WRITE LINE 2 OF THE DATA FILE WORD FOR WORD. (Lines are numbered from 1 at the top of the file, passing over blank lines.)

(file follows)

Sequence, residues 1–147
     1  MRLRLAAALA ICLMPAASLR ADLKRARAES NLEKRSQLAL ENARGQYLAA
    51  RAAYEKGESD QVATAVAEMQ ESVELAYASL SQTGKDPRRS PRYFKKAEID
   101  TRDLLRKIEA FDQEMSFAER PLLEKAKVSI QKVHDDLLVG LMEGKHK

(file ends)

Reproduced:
     1  MRLRLAAALA ICLMPAASLR ADLKRARAES NLEKRSQLAL ENARGQYLAA